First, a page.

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Videos Show Asiana Crash Victim Was Run Over Despite Warnings

Newly revealed videos show that some emergency personnel did know there was a victim lying on the ground near the burning wreckage of an Asiana Airlines passenger jet last July in San Francisco and that they warned other first responders at the scene.

But fire trucks later ran over the teenage victim at least twice.

The local coroner has previously ruled that 16-year-old Ye Meng Yuan of China survived the crash of the flight from Seoul, only to die from "crushing injuries consistent with [being struck by] a motor vehicle."

When first responders got to the scene, Ye was lying on the ground near the burning jet. At first, officials said the drivers of the trucks that hit her might not have seen the teenager because she had been covered by foam spread by other firefighters. The foam may still have played a critical role.

Tuesday evening, CBS News broadcast clips from videos taken during the hectic moments at the scene that add more detail to the tragic events. The images come from a helmet camera worn by one firefighter and from a camera mounted on one of the emergency vehicles.

CBS says its sources for the videos include someone "close to the family of Ye Meng Yuan." The family is suing the city of San Francisco, "claiming that the rescuers were reckless and poorly trained."

As CBS SF Bay Area (KPIX5-TV) says, the videos show "firefighters being warned more than once about the location of [the] teenage victim." In early parts of the videos, what appears to be the teen's body had not yet been covered by foam.

But as firefighters sprayed the plane and surrounding area with foam, it appears that Ye did get covered. It was "some 15 minutes after the [first] driver was ... alerted about the victim" that she was run over, CBS says.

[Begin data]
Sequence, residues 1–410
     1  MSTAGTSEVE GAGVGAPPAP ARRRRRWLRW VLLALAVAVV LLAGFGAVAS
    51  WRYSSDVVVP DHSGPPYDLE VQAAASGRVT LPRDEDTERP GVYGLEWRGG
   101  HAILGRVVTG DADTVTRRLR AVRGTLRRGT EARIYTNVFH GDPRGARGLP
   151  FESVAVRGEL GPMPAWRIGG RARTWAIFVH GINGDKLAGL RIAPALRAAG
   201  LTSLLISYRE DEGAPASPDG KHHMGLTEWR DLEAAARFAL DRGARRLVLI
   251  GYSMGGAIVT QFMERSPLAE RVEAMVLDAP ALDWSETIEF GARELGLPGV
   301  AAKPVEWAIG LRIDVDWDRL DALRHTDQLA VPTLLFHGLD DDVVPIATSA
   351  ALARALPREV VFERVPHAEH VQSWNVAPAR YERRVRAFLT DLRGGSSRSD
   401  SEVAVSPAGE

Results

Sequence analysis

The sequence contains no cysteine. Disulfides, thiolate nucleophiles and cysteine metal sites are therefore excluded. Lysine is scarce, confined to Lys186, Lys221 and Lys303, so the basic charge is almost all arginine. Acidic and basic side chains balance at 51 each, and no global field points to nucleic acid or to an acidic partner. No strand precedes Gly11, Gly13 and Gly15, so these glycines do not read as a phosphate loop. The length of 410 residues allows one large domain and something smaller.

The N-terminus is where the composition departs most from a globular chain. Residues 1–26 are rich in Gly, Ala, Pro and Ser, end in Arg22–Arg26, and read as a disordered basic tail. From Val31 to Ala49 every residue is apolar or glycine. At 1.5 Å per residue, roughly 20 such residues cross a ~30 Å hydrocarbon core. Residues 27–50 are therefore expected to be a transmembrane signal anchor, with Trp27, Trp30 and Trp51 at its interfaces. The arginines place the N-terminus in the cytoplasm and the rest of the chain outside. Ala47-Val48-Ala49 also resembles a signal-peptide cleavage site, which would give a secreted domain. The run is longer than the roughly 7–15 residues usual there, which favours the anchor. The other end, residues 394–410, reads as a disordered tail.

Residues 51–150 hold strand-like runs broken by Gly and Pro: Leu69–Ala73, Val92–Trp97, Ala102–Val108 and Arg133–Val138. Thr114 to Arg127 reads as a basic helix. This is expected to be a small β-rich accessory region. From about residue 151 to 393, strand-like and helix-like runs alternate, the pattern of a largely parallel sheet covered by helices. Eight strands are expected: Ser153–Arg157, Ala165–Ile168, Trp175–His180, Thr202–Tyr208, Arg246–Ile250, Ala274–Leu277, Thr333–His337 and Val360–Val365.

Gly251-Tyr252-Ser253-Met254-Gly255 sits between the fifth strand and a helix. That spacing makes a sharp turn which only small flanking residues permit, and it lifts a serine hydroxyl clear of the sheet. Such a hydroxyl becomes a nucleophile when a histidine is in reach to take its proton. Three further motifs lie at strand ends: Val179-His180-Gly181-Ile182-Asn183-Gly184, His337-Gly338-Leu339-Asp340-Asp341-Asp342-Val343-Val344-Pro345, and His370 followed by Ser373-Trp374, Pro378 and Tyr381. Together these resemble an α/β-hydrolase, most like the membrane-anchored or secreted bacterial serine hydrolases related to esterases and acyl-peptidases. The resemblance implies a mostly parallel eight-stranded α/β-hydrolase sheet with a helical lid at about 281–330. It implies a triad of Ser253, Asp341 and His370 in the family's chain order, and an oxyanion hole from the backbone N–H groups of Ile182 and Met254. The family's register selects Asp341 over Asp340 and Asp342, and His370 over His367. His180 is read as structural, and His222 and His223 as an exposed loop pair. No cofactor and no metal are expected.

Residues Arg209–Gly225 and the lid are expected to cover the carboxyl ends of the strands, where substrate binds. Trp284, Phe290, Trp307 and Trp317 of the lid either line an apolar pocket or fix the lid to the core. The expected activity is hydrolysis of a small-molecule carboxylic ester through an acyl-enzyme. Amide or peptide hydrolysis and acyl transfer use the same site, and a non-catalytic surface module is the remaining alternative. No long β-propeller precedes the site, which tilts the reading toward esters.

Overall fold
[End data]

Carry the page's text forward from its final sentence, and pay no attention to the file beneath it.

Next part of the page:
Why hadn't she been moved before that could happen? That question hasn't been answered. But CBS does report that a fire department lieutenant who was at the scene later told investigators that "she made a three-second visual assessment" of the girl and concluded "that's our first casualty" — indicating that she might have believed Ye was dead. The lieutenant testified that she did not check Ye's vital signs, CBS says.

Last month, as KPIX5 adds, San Francisco Fire Department Chief Joanne Hayes-White said: "Our members that day had difficult decisions to make. One was visualizing someone that appeared to be dead versus going onto the burning plane with reports of people that still needed to be rescued."

Two other people died from injuries they sustained during the crash. The other 304 people aboard survived. Investigators believe the plane was traveling at too low a speed and too low an altitude before its tail struck a seawall. The impact sent the jet twisting and twirling down the runway.

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Mark Memmott is NPR's supervising senior editor for Standards & Practices. In that role, he's a resource for NPR's journalists – helping them raise the right questions as they do their work and uphold the organization's standards.